Last week, researchers discovered a Java vulnerability being widely exploited online, as it was included in several crime kits, including Blackhole and Cool Exploit. On Sunday, Oracle released a patch in order to address the issue, but some experts doubt it will help.
SecurityWeek reported on the issue last Thursday. Jamie Blasco, the labs manager at AlienVault, wrote that they were able to confirm details sent to them by a researcher in France, and that the newly-minted flaw in Java was similar to one uncovered last year. Their announcement was followed by others, including one from DHS, which urged users to disable to third-party software.
“By convincing a user to visit a specially crafted HTML document, a remote attacker may be able to execute arbitrary code on a vulnerable system. Note that applications that use the Internet Explorer web content rendering components, such as Microsoft Office or Windows Desktop Search, may also be used as an attack vector for this vulnerability,” an advisory from US-CERT explains.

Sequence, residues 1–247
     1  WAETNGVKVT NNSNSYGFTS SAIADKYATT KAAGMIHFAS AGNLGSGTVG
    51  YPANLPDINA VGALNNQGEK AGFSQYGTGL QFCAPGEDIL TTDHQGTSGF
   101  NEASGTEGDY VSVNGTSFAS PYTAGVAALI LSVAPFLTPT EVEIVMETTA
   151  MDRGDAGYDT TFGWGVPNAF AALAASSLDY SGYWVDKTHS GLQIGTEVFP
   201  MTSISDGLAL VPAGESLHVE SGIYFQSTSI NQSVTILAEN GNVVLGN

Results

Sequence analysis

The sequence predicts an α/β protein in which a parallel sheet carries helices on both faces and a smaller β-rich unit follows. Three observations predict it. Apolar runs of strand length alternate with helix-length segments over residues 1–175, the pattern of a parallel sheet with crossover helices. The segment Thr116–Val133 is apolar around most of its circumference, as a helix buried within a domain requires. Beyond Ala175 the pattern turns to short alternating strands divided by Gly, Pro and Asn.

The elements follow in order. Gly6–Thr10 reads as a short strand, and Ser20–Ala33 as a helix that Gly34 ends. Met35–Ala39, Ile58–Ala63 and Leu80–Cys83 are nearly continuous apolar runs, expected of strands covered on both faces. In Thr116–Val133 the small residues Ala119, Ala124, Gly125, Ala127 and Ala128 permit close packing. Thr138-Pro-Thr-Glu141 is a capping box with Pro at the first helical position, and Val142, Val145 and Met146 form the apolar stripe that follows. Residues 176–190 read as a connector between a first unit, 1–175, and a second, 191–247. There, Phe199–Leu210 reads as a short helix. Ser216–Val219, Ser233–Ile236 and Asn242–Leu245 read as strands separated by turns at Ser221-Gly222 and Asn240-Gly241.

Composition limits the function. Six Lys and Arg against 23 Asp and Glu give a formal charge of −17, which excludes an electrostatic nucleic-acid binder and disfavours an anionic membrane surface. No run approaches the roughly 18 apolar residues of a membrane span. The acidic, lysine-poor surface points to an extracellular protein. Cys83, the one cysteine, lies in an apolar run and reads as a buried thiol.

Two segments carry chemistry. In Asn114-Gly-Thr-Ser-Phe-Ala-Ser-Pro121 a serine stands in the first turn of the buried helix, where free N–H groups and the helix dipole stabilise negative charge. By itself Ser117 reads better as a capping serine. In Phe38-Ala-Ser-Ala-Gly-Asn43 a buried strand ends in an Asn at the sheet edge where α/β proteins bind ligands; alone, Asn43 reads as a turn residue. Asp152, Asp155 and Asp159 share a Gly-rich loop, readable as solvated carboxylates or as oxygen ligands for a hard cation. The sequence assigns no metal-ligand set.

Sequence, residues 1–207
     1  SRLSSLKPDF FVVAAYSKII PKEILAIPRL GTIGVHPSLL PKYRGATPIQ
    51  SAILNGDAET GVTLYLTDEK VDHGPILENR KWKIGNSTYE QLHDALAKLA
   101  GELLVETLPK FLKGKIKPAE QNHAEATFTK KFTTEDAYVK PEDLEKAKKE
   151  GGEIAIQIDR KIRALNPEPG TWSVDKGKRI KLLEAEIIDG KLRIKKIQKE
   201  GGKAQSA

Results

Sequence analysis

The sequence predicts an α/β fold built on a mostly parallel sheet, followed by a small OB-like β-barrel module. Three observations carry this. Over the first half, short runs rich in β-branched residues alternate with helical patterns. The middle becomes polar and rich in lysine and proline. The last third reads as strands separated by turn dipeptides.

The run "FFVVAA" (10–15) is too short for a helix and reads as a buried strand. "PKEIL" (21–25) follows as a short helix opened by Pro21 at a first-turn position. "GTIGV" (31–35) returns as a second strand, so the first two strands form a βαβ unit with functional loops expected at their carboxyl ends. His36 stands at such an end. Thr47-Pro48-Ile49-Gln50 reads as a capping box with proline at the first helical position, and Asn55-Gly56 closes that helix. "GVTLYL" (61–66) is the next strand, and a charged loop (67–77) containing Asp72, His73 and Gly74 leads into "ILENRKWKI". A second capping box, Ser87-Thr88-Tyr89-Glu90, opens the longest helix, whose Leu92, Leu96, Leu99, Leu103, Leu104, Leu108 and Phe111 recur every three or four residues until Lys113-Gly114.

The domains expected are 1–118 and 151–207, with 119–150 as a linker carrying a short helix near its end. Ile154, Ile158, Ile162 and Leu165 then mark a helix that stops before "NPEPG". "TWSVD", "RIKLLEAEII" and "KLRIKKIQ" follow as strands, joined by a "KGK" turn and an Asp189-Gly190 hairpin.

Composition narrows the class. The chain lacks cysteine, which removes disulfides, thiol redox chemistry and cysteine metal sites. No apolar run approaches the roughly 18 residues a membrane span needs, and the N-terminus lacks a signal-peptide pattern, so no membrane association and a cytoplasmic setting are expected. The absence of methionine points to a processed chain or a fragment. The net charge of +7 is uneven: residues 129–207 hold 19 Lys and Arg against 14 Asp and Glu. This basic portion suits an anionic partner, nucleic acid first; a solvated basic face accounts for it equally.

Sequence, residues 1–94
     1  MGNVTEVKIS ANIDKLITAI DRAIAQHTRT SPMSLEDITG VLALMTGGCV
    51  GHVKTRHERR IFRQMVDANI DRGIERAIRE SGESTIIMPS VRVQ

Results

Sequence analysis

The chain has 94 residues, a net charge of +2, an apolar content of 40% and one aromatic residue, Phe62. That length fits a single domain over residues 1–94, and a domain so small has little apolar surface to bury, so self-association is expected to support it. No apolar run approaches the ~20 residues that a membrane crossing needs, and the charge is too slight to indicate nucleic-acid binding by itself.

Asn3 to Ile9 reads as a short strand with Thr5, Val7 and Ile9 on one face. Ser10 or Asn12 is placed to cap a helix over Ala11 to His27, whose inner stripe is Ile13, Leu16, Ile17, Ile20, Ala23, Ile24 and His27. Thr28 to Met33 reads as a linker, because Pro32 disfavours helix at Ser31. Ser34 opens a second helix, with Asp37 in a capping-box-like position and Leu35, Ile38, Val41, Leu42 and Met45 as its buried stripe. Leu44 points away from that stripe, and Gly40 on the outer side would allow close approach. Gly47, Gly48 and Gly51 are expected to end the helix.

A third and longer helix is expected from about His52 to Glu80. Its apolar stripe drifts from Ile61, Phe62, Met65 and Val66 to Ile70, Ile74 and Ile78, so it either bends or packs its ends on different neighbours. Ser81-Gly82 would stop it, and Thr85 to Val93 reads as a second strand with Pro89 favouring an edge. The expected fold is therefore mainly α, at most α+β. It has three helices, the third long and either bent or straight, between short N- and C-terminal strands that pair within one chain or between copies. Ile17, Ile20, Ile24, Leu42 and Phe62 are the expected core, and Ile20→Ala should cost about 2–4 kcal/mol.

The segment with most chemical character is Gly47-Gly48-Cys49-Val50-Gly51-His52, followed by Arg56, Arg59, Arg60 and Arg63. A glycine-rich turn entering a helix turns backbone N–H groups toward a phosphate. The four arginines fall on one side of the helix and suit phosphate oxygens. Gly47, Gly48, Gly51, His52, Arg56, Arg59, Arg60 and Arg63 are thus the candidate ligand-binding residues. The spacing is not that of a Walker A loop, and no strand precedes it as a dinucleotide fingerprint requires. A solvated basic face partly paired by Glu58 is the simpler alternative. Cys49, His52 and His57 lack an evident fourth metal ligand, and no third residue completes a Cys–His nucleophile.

This latest threat, as is the case with most Java vulnerabilities, opens the floodgates for attackers because Java itself is cross-platform. Thus, with a little work, the same vulnerability can be used to target Windows systems, Mac OS X, and Linux at the same time. Though, this rarely happens.
Oracle, in their patch announcement on Sunday, urged all users to update as soon as possible. However, Adam Gowdiak, a researcher in Poland with Security Explorations, says his firm will hold-off from telling their customers that Java is safe to use again. The decision is due to the sheer volume of issues his firm discovered over the last year.
If Java isn’t needed, the recommendation is that it be uninstalled from a given system. If it needs to be installed, then Oracle has offered guidance for disabling it in the browser, the details of which are here.
“This fix is available now as Java 7u11 and anyone who uses Java in their browser should update immediately," Ross Barrett, Senior Manager of Security Engineering at Rapid7 said in an emailed statement. "This fix also changes the default Java browser security settings to require user consent to execute Java applets which are not digitally signed, or are self-signed. This indicates that Oracle has made a minor concession against ease-of-use to try to protect users from the *next* time a Java vulnerability is exploited in the wild."